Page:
Red Mountain Pass

Creeping along the road's twists and turns, many drivers have terrified themselves by peering off its narrow, icy shoulders. They are wide-eyed at the nearly vertical plunges of a few hundred feet here, 1,000 feet there. The pavement ends just inches from where thin air begins.

Click Here to take a 6 minute drive with me across the pass. 

I am referring to Red Mountain Pass located in the San Juan Mountains of southwestern Colorado. At an elevation of 11,018 ft above sea level, the pass is one of the highest paved passes in Colorado. The pass is named for the nearby Red Mountain on the northeast side of the pass and is traversed by the Million Dollar HighwayU.S. Highway 550 between Ouray and Silverton, which is part of the San Juan Skyway Scenic Byway..  the entire road is paved.

The pass is known for being treacherous in the wintertime due to the steep 8% grade and switchbacks on the north side facing Ouray, Avalanches are frequent, and can block the highway for some time. Unofficially, the pass receives approximately 500 inches of snow each year.. The lower part of the pass towards Ouray is blasted into near-vertical cliffs of quartzite hundreds of feet above Red Mountain Creek and the Uncompahgre River. This section of road is winding, narrow and has no shoulder.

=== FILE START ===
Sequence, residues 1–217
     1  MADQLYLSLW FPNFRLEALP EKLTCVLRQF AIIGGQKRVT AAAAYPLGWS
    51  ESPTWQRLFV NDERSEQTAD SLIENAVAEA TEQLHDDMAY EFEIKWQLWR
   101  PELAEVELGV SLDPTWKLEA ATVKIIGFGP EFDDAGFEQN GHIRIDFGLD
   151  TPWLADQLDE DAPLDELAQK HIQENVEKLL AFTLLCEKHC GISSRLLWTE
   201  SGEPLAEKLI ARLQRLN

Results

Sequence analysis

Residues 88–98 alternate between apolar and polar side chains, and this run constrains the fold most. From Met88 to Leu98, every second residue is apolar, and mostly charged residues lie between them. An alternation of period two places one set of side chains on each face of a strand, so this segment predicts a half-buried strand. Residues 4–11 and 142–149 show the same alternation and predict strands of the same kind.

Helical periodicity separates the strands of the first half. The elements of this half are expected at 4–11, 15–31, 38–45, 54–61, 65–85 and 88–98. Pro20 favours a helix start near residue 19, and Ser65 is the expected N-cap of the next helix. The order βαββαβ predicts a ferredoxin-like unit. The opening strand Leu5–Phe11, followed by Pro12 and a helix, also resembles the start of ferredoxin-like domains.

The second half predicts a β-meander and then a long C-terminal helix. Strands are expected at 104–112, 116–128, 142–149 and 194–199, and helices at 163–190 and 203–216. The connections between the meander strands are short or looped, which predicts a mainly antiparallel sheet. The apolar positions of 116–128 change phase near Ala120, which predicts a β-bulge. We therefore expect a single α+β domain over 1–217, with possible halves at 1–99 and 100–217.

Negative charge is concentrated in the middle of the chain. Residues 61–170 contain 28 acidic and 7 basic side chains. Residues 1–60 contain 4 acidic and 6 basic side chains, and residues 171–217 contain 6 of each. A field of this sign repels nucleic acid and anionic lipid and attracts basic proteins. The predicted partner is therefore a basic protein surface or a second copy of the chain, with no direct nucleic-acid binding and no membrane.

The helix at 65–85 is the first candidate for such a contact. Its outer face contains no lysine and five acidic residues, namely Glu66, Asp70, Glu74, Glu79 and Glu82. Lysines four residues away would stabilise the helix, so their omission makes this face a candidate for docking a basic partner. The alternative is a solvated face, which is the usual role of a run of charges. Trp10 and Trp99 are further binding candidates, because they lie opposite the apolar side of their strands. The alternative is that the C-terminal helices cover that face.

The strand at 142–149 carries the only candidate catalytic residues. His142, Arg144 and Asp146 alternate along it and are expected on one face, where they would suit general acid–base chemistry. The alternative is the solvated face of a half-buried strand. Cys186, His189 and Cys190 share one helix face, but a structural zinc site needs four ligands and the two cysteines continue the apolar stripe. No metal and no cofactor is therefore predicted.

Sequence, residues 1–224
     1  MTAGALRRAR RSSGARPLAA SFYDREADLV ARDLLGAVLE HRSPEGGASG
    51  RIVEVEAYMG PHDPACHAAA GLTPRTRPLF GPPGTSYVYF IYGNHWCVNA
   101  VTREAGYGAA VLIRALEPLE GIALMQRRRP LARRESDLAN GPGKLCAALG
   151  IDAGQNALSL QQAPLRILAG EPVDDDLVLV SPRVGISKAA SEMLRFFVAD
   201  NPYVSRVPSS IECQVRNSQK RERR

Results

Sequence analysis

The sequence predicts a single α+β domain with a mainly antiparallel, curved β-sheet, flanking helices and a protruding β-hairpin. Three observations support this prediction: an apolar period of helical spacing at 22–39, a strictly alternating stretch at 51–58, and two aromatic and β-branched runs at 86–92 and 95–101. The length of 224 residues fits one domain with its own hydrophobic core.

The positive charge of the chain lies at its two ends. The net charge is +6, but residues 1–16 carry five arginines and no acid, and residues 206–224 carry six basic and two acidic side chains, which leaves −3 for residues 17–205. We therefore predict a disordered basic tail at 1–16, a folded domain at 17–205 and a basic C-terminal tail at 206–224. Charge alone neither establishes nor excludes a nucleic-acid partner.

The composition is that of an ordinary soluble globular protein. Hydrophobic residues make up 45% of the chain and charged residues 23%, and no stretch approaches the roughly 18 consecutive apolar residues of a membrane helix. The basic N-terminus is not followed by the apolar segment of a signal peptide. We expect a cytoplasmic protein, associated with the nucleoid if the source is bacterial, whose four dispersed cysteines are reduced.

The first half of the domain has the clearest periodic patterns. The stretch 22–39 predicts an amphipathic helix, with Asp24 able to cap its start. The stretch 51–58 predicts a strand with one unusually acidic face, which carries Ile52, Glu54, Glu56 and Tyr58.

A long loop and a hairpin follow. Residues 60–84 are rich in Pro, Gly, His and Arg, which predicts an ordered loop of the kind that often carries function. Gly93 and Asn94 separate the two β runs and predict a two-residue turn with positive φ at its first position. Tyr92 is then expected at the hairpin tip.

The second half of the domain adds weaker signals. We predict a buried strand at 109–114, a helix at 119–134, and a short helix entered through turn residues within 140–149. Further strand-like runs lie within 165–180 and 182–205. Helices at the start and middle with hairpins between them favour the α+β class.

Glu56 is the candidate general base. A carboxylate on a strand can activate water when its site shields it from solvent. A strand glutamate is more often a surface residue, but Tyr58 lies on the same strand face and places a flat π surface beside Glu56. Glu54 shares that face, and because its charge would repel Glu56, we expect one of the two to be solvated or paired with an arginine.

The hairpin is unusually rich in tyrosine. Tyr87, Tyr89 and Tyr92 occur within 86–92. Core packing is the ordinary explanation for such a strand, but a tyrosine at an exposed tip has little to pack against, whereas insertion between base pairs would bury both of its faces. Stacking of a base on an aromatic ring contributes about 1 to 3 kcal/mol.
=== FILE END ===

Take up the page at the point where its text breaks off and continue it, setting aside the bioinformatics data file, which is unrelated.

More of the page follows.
This road is usually open all year, but it can be closed anytime due to massive rock slides, continuous falling rocks and the amount of rubble, and when the access is not cleared of snow. there are no protections or guard rails along some parts of the route to aid in wintertime snow removal

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